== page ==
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Diet of Odense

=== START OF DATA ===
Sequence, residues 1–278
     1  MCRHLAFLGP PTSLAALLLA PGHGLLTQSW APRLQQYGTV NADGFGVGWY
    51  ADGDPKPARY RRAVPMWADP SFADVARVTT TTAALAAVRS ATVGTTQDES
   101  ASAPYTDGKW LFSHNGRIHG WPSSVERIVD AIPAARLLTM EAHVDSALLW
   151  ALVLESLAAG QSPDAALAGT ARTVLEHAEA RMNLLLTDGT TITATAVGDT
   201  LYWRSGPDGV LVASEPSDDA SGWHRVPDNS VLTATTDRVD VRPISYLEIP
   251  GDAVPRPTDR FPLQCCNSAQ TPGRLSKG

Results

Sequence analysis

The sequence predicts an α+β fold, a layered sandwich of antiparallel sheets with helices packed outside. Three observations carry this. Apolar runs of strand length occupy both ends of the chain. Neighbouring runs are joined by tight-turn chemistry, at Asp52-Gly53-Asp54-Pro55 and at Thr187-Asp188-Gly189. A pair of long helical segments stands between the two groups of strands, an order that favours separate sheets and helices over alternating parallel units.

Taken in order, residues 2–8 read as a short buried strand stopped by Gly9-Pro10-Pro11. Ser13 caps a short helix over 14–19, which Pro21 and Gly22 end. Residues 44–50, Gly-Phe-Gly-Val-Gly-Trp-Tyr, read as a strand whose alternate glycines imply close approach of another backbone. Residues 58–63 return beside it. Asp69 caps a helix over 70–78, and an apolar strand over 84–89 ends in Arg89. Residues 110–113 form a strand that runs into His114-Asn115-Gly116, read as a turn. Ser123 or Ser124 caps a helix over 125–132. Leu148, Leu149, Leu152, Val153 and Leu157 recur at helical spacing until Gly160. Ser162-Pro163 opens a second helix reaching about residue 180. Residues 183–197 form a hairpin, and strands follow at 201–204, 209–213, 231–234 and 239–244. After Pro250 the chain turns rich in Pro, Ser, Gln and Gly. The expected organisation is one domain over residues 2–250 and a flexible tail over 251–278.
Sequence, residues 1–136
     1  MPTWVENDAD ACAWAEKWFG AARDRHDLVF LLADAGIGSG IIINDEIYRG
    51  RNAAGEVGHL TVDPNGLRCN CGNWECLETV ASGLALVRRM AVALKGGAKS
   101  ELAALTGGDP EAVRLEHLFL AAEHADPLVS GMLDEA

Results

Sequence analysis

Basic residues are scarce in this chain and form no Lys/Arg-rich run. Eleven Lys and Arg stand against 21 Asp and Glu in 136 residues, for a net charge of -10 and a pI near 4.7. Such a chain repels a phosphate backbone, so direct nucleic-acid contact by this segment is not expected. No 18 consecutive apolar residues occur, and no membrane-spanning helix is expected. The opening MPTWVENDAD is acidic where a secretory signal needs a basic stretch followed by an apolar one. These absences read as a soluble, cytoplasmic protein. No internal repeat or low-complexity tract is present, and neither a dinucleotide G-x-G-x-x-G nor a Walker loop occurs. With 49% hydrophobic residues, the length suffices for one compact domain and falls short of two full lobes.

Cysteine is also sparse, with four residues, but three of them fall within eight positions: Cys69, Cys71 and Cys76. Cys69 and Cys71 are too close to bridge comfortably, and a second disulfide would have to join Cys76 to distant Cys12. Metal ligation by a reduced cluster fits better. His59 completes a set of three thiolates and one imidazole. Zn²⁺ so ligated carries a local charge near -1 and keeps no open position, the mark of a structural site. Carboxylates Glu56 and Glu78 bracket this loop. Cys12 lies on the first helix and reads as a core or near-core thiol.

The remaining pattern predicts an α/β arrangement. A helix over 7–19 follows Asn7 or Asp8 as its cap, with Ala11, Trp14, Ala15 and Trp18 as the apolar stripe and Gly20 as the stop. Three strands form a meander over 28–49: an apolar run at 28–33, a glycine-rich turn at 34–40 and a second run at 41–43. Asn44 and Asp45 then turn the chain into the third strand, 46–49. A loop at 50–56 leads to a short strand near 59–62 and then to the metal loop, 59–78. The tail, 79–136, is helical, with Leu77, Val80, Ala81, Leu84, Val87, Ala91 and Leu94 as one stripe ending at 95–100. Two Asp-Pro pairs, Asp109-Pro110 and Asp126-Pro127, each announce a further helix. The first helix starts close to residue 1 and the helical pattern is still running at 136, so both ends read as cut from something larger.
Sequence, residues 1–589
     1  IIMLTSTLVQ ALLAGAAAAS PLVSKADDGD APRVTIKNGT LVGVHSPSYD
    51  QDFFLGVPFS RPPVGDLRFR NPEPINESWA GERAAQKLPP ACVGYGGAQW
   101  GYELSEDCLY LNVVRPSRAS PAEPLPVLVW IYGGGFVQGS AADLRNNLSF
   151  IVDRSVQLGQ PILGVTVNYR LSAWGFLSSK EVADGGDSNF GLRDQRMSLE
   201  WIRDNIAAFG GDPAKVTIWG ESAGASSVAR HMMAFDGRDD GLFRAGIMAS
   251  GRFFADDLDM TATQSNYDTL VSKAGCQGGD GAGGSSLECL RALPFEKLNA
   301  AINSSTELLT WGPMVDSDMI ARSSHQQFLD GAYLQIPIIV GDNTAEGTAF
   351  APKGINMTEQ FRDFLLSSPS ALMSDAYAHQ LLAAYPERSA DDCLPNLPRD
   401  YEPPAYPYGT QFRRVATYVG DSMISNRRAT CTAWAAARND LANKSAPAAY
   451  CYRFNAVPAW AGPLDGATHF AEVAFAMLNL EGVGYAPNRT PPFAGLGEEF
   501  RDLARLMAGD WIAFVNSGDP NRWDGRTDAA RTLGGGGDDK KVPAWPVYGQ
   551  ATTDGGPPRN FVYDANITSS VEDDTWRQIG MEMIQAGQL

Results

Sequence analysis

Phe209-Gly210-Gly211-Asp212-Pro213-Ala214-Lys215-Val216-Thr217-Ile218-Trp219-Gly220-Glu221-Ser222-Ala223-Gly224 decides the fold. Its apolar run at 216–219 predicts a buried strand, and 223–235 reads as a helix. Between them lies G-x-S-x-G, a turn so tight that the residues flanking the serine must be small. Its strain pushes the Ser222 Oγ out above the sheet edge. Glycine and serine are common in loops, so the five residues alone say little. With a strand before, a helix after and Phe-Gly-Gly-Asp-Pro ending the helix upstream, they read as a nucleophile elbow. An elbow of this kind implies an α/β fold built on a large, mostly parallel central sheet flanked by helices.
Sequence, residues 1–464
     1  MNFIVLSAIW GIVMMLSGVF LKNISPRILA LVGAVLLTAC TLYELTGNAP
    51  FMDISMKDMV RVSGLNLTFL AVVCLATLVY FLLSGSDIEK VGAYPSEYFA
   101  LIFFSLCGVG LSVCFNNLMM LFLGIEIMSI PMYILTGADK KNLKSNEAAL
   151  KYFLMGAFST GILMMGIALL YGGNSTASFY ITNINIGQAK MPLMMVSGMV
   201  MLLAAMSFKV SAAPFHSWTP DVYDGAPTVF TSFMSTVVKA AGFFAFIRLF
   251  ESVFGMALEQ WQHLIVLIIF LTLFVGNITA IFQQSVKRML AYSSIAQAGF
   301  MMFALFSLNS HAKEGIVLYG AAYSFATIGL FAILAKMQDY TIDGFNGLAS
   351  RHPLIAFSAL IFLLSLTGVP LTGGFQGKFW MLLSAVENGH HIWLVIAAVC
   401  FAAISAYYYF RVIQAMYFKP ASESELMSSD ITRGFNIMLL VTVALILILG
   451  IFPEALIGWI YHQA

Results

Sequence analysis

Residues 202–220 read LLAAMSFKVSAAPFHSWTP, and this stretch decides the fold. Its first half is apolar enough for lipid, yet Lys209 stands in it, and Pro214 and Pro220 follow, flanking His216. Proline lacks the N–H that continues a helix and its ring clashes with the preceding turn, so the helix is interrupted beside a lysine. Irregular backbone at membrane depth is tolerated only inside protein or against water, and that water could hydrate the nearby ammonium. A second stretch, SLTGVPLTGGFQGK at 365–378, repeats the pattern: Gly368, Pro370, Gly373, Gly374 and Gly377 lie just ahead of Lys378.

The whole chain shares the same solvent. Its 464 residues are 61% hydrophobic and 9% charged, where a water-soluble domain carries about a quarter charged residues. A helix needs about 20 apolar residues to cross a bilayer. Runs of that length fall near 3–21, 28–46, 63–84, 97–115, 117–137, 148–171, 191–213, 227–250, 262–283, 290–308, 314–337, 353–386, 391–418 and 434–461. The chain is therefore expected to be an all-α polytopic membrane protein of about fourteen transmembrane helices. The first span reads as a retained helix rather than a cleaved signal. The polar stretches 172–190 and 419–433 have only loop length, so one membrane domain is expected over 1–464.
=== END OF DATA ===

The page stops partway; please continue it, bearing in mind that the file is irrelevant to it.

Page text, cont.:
1527. A meeting in Denmark* of the Catholic majority and the Lutheran minority, marking a decisive turning point in the history of the Reformation in that country. At his coronation in 1523 Frederik I had promised to protect and preserve the Catholic Church and to oppose and suppress the Lutheran heresy. When the Reformation grew stronger, however, and spread throughout his kingdom, he followed a policy of tolerance and even extended his personal protection to Hans Tausen* and other Lutheran preachers. When at Odense the Catholics demanded that the king fulfill his obligations, withdraw protection from the Lutherans, and deliver them up to clerical jurisdiction, the king stated the principle that “the king's power and authority is good for life and property, not for the souls.” The norm of the church is the Gospel, according to Scripture. When interpretations of the Gospel differ, it is not for the king to pass sentence or use coercion in matters of faith. The preaching of the Gospel must therefore be free, until an ecumenical council has finally decided which interpretation of the Gospel is the true one. This principle of religious toleration formed the legal foundation for Frederik's policy of coexistence of a national Catholic Church alongside free Lutheran congregations, until the final accomplishment of the Reformation in Denmark in 1536.